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European Regulation No 691/2011 obliges the member states of the European Union to deliver six environmental economic accounts. The accounts concerned are the three accounts that have been obligatory since 2013, the Environmental Taxes by Economic Activity (ETEA), the Air Emissions Accounts (AEA) and the Economy-Wide Material Flow Accounts (EW-MFA), as well as three accounts that have to be delivered as of 2017, the Environmental Goods and Services Sector (EGSS), the Environmental Protection Expenditure Accounts (EPEA), and the Physical Energy Flow Accounts (PEFA).
In this publication the National Accounts Institute presents the ETEA for the period 2008-2019.
European Regulation No 691/2011 obliges the member states of the European Union to deliver six environmental economic accounts to Eurostat. The accounts concerned are the three accounts that have been obligatory since 2013, the Environmental Taxes by Economic Activity (ETEA), the Air Emissions Accounts (AEA) and the Economy-Wide Material Flow Accounts (EW-MFA), as well as the three accounts that have to be delivered as of 2017, the Environmental Goods and Services Sector (EGSS), the Environmental Protection Expenditure Accounts (EPEA), and the Physical Energy Flow Accounts (PEFA).
In this publication the National Accounts Institute presents the AEA for the years 2008-2019.
The Federal Planning Bureau has built the 2015 interregional input-output table for Belgium within the framework of an agreement with the statistical authorities of the three Regions (BISA/IBSA, VSA and IWEPS). This paper describes the methodology and data sources used to compile this table.
The PLANET model, developed by the Federal Planning Bureau within the framework of a cooperation agreement with the Federal Public Service Mobility and Transport, makes it possible to calculate the long-term evolution of transport demand in Belgium. Transport demand includes both passenger and freight transport and is broken down by mode of transport. For rail transport, demand is projected assuming constant average speed on the network over the whole projection period. The PLANET model does not take into account railway infrastructure capacity; in other words, it assumes that the network will be able to cope with any increase in demand without affecting the quality of service. Since the utilisation rate of some lines is already very high, there was a need to extend the scope of analysis of PLANET to estimate the impact of the future railway demand on the network utilisation rate. That analysis, performed at a detailed spatial level (the rail sections), is useful and pertinent, particularly for rail operators and public authorities within the context of the railway investment plans.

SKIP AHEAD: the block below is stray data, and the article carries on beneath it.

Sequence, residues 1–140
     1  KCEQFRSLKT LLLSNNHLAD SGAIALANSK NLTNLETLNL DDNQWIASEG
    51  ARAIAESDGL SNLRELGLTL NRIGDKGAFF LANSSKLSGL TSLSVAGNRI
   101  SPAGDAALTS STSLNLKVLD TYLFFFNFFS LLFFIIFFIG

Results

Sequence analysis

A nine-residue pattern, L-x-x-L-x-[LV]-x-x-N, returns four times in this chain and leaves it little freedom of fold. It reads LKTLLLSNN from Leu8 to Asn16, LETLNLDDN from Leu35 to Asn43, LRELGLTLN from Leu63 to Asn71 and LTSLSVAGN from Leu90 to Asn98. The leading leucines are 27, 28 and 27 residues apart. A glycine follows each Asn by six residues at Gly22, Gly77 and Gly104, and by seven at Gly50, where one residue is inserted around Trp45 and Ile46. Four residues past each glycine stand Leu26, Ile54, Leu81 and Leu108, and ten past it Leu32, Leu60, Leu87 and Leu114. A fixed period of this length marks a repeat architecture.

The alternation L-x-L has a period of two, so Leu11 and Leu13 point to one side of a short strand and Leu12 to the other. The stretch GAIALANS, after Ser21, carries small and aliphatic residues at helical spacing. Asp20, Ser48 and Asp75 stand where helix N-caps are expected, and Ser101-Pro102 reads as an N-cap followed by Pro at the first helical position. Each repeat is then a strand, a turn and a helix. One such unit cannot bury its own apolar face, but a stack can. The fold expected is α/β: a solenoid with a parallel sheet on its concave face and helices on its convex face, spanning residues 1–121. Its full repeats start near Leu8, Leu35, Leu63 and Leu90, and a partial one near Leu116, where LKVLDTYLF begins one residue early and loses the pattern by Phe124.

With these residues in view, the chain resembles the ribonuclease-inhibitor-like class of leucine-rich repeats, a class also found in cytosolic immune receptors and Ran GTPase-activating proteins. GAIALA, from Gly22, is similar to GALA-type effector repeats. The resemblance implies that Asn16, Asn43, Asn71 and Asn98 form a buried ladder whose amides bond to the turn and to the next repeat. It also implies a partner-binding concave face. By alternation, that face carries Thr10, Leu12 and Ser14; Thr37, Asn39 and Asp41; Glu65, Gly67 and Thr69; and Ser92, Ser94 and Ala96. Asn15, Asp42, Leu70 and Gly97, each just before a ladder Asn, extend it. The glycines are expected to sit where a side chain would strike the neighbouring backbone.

This study presents some of the results of the transport satellite accounts (TSA) published recently (Planning Paper 106) in order to provide a first estimation of expenditure and revenue of the public administrations linked to transport in 1995 and 2000. From this information, the possibility to estimate the net public transfers towards the different mode of transport modes is analysed.
This paper presents a model of Belgian household consumption, with a focus on private health expenditures. To do so, we have formulated and estimated an extension of the classic Almost Ideal Demand System. The original model has been modified by introducing a dynamic adjustment mechanism and by the inclusion of demographic variables. These were expected to capture shifts in consumption patterns related to the changing age composition of the population. The results confirm the expected effects: the ageing of the population is likely to increase the share of private health expenditures (and consumer durables) in the household budget over the coming decades.
The distinction between the young and the elderly within low and high wage earning employment in HERMES, the FPB's medium-term macroeconomic model, enables the assessment of both age and wage related labour cost reducing policies. The age structure of salaried employment in each branch of activity is embedded in a three-stage mechanism. First, aggregate demand and the relative cost of labour to capital determine salaried employment. Next, relative wages allocate employment among three major labour categories: low-paid jobs, high-paid jobs and special-employment programmes. Finally, within each labour category relative wages allocate employment between the young (aged less than fifty) and the elderly (aged fifty or more).